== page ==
Religion Studies differs to both Religious Education and Theology. Most centrally, this difference lies in the fact that scholars and students in the discipline strive to examine all aspects of religions with a value-free orientation given that the field itself aims towards objectivity. Those who teach the discipline to others are required to ensure a healthy measure of neutrality.
Importantly, scholars of religion acknowledge that objectivity is an ideal likely impossible to attain as they are themselves also grounded in their own religious, cultural, and social conditions and backgrounds that inform their perspectives. However, objectivity remains the ideal for scholars and students in Religion Studies, and they are trained to do their best to maintain levels of critical awareness and reflection. These attitudes are important in the study of religion because, as Rita Gross has suggested, religion consists of “emotion-laden systems that directly affect people’s lives” which means that,
“the academic study of religion can often feel threatening, in part because the distinction between the study of religion as an academic discipline and the personal practice of religion is not often made in our culture. Therefore, the academic study of religion challenges one’s personal beliefs more than the study of other academic disciplines” (1).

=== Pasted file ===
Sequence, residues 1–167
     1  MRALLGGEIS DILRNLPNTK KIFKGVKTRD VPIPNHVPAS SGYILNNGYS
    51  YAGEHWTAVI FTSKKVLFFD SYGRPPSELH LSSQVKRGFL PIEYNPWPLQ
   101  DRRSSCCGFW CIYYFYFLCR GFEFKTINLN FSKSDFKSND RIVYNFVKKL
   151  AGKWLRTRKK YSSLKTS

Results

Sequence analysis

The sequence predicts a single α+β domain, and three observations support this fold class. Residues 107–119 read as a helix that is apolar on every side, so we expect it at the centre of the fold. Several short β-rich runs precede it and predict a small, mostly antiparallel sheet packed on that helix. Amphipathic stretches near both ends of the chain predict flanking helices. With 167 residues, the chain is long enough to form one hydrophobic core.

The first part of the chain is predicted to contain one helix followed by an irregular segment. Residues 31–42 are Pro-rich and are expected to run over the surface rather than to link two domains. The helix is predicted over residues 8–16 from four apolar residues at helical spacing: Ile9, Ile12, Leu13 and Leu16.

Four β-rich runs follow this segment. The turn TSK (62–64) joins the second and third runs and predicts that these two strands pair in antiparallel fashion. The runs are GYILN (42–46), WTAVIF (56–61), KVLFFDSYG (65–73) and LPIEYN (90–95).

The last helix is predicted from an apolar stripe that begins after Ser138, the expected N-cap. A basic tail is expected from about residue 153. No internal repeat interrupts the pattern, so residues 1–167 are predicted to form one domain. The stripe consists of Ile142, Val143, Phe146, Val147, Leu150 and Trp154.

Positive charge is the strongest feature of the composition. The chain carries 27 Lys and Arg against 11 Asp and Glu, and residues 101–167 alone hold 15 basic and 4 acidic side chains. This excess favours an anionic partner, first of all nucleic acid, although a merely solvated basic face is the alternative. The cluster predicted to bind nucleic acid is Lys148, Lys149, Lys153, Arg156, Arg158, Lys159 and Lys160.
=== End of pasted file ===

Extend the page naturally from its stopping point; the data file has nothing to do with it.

Indeed there is truth to Gross’ statement because engaging in Religion Studies will certainly change one’s views and attitudes on religion. Although this is not unique to this discipline (after all, no discipline should be merely the collection and accumulation of facts, and should change one’s attitudes towards topics being studied), it tends to have more seriousness than one might find in some other fields. For the student, Religion Studies could, in ways often unlike Religious Education and Theology, undermine one’s own cherished religious beliefs or one’s allegiance to a specific religious tradition. Although this could happen it need not necessarily be the case. For many, Religion Studies can enhance an understanding of one’s own faith and perhaps even influence attitudes towards religion itself.
However one might respond to engaging in the discipline of Religion Studies, it certainly differs from Religious Education and Theology because it has no interest in defending a specific religious tradition, critiquing religious traditions, or coming to theological answers to questions of doctrinal significance.
A further imperative within Religion Studies is to maintain a sense of empathy. This means that the scholar or student must attempt to enter into the religious reality of an individual and/or community without being dismissive or attempting to discredit it. The scholar need not accept this reality as true (he might think that it is purely imagination, or he might believe it is true) but can still suspend his disbelief when engaging in his study. It is important for scholars and students to try and understand a religious worldview because for many people that worldview is thought to be true. These worldviews are also far from trivial as they exert a great influence upon a person’s behaviour.